Deletion is a different status altogether, for while Execution is intended to be openly discussed, even to allude to Deletion is a federal offense punishable as Treason-Speech.

My father Eric Strohl had been MI since a time before I was born. As a young resident M.D. in the Pennsboro Medical Center he’d been under observation as a scientifically-minded individual, for such individuals were assumed to be thinking for themselves—not a reputation anyone would have wished to have. In addition, Dad was charged with associating with a targeted SI—(Subversive Individual)—who was later arrested and tried for Treason; Dad hadn’t done more than sympathetically listen to this man address a small gathering in a public park when he and the others were caught in a Homeland Security sweep—and Dad’s life was changed forever.

He was demoted from his residency in the medical center. Though he had an M.D., with special training in pediatric oncology, he could find work only as a lowly-paid medical attendant in the center, where there had to be maintained a bias against him, that he might never be allowed to practice medicine again. Yet, Dad never (publicly) complained—he was lucky, he often (publicly) said, not to be imprisoned, and to be alive.

From time to time MIs were obliged to restate the terms of their crimes and punishments, and to (publicly) express gratitude for their exoneration and current employment. On such occasions Dad took a deep breath and, as he said, bartered his soul another time.

Poor Dad! He was so good-natured in our household, I don’t think I realized how terrible he must have felt. How broken.

Within the family it was understood that we didn’t discuss Dad’s status per se, but we seemed to be allowed—that is, we were not expressly forbidden—to allude to his MI status in the way you might allude to a chronic condition in a family member like multiple sclerosis, or Tourette’s, or a predilection for freak accidents. Being MI was something shameful, embarrassing, potentially dangerous—but since MI was a (relatively) minor criminal category compared with more serious criminal categories, it wasn’t a treasonable offense to acknowledge it. But Dad took risks, even so.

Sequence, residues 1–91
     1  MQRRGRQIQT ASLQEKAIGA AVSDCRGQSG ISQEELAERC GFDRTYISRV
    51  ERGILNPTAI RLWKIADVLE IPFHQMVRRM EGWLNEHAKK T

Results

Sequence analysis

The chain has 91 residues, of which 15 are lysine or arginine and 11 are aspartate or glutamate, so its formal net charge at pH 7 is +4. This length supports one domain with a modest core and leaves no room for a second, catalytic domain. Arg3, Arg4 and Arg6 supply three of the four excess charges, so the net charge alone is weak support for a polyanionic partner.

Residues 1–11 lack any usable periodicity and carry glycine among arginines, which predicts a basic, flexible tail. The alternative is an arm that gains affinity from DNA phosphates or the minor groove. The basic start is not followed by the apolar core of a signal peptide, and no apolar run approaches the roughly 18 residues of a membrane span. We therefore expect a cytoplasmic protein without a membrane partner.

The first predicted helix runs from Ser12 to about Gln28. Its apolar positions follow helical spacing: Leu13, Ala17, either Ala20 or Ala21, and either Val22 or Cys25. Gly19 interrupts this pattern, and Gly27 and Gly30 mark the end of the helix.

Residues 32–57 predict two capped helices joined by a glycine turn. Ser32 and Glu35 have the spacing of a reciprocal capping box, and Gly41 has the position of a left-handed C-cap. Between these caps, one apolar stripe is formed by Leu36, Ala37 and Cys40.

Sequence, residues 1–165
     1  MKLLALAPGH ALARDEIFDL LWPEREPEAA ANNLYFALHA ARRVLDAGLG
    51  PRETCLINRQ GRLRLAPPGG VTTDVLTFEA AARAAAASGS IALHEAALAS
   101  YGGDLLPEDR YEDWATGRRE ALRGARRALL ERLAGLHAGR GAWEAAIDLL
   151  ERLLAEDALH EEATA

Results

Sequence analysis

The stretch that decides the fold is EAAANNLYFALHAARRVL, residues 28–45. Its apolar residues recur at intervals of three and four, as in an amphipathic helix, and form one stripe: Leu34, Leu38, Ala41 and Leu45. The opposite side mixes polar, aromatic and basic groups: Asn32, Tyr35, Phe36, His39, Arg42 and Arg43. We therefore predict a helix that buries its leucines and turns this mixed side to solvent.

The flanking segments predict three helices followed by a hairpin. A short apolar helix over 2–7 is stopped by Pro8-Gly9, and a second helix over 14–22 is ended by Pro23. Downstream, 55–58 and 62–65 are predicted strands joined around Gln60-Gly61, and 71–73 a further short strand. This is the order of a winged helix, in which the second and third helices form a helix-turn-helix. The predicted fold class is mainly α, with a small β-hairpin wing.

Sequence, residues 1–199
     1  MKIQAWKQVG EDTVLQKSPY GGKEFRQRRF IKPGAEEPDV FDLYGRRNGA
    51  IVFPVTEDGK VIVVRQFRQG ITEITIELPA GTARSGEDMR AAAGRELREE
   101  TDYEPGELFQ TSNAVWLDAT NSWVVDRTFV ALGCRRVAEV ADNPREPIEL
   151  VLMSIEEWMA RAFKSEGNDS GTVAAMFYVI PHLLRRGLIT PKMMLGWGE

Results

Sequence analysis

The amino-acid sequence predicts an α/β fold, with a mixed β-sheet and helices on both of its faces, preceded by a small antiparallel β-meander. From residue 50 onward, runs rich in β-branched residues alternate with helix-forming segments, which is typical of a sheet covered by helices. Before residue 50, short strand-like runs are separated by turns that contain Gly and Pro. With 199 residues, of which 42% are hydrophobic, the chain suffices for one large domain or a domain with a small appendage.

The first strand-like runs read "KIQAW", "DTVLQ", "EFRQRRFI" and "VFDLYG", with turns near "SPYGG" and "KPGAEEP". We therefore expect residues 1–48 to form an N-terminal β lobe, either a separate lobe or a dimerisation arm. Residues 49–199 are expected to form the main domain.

For one of the memories that comes to me, strangely clear and self-contained, like a disturbing dream suddenly recalled in daylight, was how one day when no one was home except us Dad took me upstairs to an attic room that had been shut up for as long as I could remember, with a padlock; and in that room Dad retrieved from beneath a loose floorboard, beneath a worn carpet, a packet of photographs of a man who looked teasingly familiar to me, but whom I could not recall—This is your uncle Tobias, who was Deleted when you were two years old.

At this time I was ten years old. My two-year-old self was lost and irretrievable. In a quavering voice Dad explained that his beloved, reckless younger brother Tobias had lived with us while going to medical school and that he’d drawn the attention of the F.B.E./F.B.I. (Federal Bureau of Examiners, Federal Bureau of Inquisitors) after helping organize a May Day free-speech demonstration. At the age of twenty-three your uncle Toby had been arrested in this very house, taken away, allegedly tried—and Deleted.

That is, vaporized.

What is that, Daddy?—vaporized. Though I knew the answer would be sad I had to ask.

Just—gone, sweetie. Like a flame when it’s been blown out.

I was too young to register the depth of loss in my father’s eyes.

For Dad had often that look of loss in his face. Exhausted from his hospital job, and his skin ashy, and a limp in his right leg from some accident after which a bone had not mended correctly. Yet, Dad had a way of smiling that made everything seem all right.

Just us, kids! We’re hanging in here.

Except right now Dad wasn’t smiling. Turned a little from me so (maybe) I wouldn’t notice him wiping tears from his eyes.

We aren’t supposed to ‘recall’ Tobias. Certainly not provide information to a child. Or look at pictures! I could be arrested if—anyone heard.

By anyone Dad meant the Government. Though you would not say that word—Government. You would not say the words StateFederal Leaders. It was forbidden to say such words and so, as Dad did, you spoke in a vague way, with a furtive look—if anyone heard.

Or, you might say They.

You could think of anyone, or they, as a glowering sky. A low-ceiling sky of those large dirigible clouds rumored to be surveillance devices, sculpted shapes like great ships, often bruised colored and iridescent from pollution, moving unpredictably but always there.